PPI research released today, sponsored by NOW: Pensions, estimates that there will be up to 27 million deferred pots in master trusts by 2035. Without government-led intervention, the market will become unsustainable in the long term. This would significantly damage the success of auto-enrolment.
There are already 10 million small deferred pots, costing £130 million a year in administration. With 27 million small pots in 15 years the bill for servicing these pots will be £1/2 a billion a year. The report explains that, today, every active member in an auto enrolment pension is supporting one inactive member. But by 2035 the PPI research shows that every active member will be supporting more than three inactive members.
There are a number of policy options available to the Government to address the issue of small pots. There is no simple solution. Each potential policy initiative has its pros and cons from the perspective of members, providers and the government. These include: Pot Follows Member, Member Exchange, Default Consolidator, Carousel Consolidator, Dashboard.
NOW: Pensions is calling for a Small Pots Taskforce, formulated from government, regulator, industry and consumer groups. The high-profile taskforce should be formed by the end of the year and deliver a proposed solution by the end of 2021.
Adrian Boulding, Director of Policy at NOW: Pensions said: ‘The PPI work has revealed no single magic bullet will provide an immediate fix for problem of small pots. There are merits and drawbacks to all the solutions on the table.
‘Until the issue of small pots is resolved, the cost of small pots must be paid for in some form. We welcome the Government’s recognition that a complete ban on flat fees could eliminate competition in the market and force up fees for savers. To pull the funding of small pots by changing the charging structure will destabilise the market’.
Joanne Segars, Chair of Trustees for NOW: Pensions said: ‘Master trusts, set up to serve this new market, are doing a good job and have brought millions of people into saving, many for the first time. The number of deferred members has grown rapidly, in part due to the high labour turnover in the auto enrolment population – when people change jobs, they often leave a small pension pot behind.
‘The proliferation of small pots is not good for members: they cannot benefit from economies of scale; easily lose track of their deferred pensions; and face multiple charges on each pot – for administration, benefit statements and levy charges, for example. This all eats away at their final pension pot.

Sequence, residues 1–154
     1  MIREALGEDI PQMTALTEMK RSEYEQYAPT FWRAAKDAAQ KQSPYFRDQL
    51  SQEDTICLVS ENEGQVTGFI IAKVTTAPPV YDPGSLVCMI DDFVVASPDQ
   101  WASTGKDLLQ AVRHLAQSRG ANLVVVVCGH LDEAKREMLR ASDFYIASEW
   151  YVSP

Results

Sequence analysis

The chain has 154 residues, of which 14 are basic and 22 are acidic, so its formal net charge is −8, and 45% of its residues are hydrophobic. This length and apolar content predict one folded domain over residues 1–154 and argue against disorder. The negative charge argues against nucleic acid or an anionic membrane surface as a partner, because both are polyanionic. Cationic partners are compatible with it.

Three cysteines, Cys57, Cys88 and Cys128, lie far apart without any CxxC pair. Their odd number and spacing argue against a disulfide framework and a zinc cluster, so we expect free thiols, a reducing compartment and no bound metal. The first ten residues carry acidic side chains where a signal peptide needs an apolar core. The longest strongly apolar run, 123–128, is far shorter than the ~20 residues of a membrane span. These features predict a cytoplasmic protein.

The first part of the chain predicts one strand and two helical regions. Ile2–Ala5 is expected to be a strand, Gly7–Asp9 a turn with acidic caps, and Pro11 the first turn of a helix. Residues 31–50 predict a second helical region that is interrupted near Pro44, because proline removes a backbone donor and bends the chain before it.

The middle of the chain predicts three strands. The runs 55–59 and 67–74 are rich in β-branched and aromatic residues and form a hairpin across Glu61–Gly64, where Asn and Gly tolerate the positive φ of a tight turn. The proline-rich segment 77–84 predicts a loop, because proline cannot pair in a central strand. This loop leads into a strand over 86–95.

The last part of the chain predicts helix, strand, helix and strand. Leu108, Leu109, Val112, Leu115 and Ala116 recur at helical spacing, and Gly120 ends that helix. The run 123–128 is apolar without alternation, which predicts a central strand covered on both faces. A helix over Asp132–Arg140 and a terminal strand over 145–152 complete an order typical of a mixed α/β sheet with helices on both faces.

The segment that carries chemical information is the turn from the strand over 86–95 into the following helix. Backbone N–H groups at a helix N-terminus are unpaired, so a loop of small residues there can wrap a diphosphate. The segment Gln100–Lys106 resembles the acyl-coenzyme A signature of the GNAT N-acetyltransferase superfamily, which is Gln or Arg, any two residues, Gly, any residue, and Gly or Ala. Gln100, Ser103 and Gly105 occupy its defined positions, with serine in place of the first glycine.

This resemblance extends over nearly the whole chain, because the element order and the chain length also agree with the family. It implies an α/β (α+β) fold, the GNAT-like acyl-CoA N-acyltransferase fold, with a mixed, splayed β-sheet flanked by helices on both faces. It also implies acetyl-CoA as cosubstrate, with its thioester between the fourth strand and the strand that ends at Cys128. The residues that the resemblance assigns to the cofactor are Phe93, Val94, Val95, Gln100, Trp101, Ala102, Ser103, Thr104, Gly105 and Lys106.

‘The solution has to be to help members join up their pension pots. This needs careful and co-ordinated thought, and it is something we must now collectively tackle to ensure the best outcomes for members.’
Notes for editors
Policy options for tackling the growing number of deferred members with small pots, is a Pensions Policy Institute (PPI) report sponsored by NOW: Pensions. It examines the growing problem of small deferred pension pots and how it might be addressed.
The PPI is an educational research charity, which provides non-political, independent comment and analysis on policy on pensions and retirement income provision in the UK. Its aim is to improve the information and understanding about pensions policy and retirement income provision through research and analysis, discussion and publication.
Par 60 Department of Work and Pensions, Open Consultation on the Default fund charge cap and standardised fund disclosure. Published 25 June 2020 ‘Whilst we recognise the additional challenges and risks the flat fee structure can present, there is a case for the value it delivers to some savers. A complete ban on the flat fee structure, even limited to dormant/deferred pots could therefore eliminate competition and push charges upwards, whilst restricting choice for employers. This could lead to poorer retirement outcomes for scheme members.’